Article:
ropes in some places to use for help on the way up but more for absailing down. We camped 1 hour short of the summit which was conquered in the drizzle at sunrise the next morning.
I tried taking the tent,
minus the poles, down by myself the next day but the descent was worse and my feet began to suffer from the rubber shoes which had softened the skin and made blisters. All day you walk with wet
because of the bogs so plasters fall off. I was trailing badly getting into base camp. I had to pay the guide to take my tent again the final day and walk in my sandals. However, it was a great experience
and the Chinese men were wonderful, feeding me and making sure I was ok. It was great of them to take along an unknown quantity like me and I shall be forever grateful. I tried to make myself useful by
playing the whistle and telling the story of Stanton Drew around the camp fire.
The Chinese drove straight off to KL that evening and I settled back in my tent to observe some sort of official function
that was happening at the camp site. I was invited to dinner with the manager and the local MP and found that this was a send off for a group climbing the mountain the next day in order to be on the
summit for Merdeka, 31st August, Malaysia's Independence day. There was to be a live TV recording from the top, linking with other groups who were climbing their own states highest points on that date. What
a great idea!
That night it poured with rain for about 3 hours and I was extremely lucky to find some plastic groundsheets left behind by the officials as I desperately needed them for my tent. That bloody
French Quechua not only has weak poles but a completely unwaterproof groundsheet. Fortunately the staff said I could keep the plastic so now I should remain dry.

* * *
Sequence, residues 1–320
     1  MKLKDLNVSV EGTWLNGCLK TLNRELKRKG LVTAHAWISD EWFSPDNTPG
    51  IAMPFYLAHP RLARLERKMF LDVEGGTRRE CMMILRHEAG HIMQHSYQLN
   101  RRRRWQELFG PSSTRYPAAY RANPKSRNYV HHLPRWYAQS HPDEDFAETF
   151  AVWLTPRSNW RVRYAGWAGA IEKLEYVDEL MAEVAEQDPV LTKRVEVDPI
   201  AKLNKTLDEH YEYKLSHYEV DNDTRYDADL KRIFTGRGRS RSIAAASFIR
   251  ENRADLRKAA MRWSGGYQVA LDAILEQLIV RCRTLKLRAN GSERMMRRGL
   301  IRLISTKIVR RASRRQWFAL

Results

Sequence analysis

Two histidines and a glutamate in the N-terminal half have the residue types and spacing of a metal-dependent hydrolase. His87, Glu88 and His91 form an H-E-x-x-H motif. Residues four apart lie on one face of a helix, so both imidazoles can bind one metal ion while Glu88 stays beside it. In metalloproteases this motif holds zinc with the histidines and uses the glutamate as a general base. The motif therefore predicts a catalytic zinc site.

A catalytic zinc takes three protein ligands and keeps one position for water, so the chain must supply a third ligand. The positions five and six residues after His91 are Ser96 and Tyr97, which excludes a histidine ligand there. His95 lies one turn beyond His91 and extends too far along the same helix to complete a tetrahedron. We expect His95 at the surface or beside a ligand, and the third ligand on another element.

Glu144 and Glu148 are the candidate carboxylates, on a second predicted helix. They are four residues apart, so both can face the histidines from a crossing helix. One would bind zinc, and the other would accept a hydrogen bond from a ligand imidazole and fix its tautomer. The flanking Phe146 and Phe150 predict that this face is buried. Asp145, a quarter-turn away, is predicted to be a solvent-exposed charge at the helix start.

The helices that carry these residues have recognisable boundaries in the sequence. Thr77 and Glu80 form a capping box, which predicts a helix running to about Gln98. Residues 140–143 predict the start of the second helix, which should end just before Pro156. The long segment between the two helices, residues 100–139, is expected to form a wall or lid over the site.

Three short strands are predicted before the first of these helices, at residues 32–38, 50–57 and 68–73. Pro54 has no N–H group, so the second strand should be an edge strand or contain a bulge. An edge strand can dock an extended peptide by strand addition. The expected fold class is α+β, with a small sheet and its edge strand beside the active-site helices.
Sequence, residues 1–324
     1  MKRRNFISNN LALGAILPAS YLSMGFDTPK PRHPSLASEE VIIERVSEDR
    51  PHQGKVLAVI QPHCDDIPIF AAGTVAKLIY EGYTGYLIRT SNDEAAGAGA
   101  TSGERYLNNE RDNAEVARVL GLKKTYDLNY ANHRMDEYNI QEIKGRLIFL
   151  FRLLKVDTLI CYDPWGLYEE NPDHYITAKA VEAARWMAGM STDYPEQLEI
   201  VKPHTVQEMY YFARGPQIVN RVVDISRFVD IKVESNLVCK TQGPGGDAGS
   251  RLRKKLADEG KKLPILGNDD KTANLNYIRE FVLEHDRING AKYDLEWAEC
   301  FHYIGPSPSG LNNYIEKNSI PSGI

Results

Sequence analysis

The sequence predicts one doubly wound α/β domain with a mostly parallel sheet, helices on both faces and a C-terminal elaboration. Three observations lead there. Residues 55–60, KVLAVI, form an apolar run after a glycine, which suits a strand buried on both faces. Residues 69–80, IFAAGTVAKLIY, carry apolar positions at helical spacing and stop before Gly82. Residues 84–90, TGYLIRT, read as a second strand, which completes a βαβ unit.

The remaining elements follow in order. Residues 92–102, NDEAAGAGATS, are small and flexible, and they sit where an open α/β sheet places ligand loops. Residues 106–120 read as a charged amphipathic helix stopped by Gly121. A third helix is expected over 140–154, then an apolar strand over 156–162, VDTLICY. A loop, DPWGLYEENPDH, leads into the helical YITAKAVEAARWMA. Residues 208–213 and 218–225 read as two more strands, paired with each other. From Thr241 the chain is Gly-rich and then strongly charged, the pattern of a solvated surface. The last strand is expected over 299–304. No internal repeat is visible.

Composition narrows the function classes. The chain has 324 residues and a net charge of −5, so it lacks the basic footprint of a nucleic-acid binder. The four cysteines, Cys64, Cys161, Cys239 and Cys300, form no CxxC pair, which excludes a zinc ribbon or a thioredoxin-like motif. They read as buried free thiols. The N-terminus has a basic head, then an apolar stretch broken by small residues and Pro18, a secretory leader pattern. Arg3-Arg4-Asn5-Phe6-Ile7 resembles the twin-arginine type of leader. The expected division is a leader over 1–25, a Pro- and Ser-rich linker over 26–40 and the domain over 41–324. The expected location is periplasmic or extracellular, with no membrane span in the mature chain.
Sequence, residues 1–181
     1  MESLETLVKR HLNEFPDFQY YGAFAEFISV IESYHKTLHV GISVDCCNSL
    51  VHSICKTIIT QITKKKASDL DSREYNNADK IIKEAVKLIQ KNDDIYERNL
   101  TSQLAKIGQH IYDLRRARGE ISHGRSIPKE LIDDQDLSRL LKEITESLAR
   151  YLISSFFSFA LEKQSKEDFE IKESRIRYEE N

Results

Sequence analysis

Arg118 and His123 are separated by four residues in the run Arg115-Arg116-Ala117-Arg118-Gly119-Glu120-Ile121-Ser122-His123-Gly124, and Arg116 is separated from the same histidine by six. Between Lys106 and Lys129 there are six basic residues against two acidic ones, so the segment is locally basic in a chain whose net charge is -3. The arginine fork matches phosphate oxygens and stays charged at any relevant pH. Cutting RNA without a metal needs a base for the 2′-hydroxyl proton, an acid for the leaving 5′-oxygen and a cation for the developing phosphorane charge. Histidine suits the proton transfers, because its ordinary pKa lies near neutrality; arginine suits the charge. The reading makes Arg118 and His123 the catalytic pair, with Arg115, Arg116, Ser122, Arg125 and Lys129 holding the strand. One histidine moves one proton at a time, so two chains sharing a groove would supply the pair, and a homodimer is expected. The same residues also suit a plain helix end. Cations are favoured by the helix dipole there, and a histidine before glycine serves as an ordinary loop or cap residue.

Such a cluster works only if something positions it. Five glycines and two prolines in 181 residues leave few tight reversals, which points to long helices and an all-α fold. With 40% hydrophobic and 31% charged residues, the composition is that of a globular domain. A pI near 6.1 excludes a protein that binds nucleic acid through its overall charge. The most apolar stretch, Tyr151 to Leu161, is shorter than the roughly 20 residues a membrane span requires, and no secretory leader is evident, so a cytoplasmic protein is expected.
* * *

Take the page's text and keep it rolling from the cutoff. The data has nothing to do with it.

After drying everything out the next
morning in the bright sun I moved off to the next park entrance which was a lovely spot but not set up for tourists at all, just education groups and researchers. With no marked tracks and a washed out
bridge there was no access for me so I just rode through the palm oil plantations, spent the night and moved on. As the new road east had not been completed my only route was north and so here I am in Kota
It is going to be difficult to leave. I have found a lovely Guest House, in an old malay wooden building which has a kitchen, living room, telly, garden and undercover parking for my bike
and....free tea and bicycle use! The only other occupants are two retired Japanese men who keep the place spotless. There is a roti shop close by for breakfast and many lovely different foods to choose from
for dinner, malay, chinese, Indian. Everybody is so friendly I feel a bit like the Queen because I have to keep waving at them all.
Having done the museums, which include one on the Japanese invasion and
total routing of the Brits here in the 2nd WW, I went to see a show at the cultural centre of their traditional martial arts, games and percussion instruments. On 31st there was a parade which culminated at
the stadium and it was great to see all the lovely colourful costumes. This is an area where they make batik and the place is alive with may different designs and hues.
While out on the bicycle exploring
the delightful back roads by the river I was hailed by a young Malay man on a sporty bike who invited me to come to his village the following day. We took a bus and I found it to be a little fishing village
very close to the Thai border. His mother and grandmother fed me tasty fish and rice dishes and I slept on the floor with them in the spacious old wooden house. Last night I discovered that there are
traditional singing competitions in town and was up till all hours watching these mens groups singing and swaying to their percussion bands. Wonderful!
But, time is marching on and I must try and be in
Indonesia before the monsoons hit there so I will have to rouse myself. My feet and legs have recovered from the mountain and I have cleaned and oiled Suzy's chain so tomorrow I head south.
Thanks to all the people on this part of the trip, especially my Chinese mountain mates.
Lots of love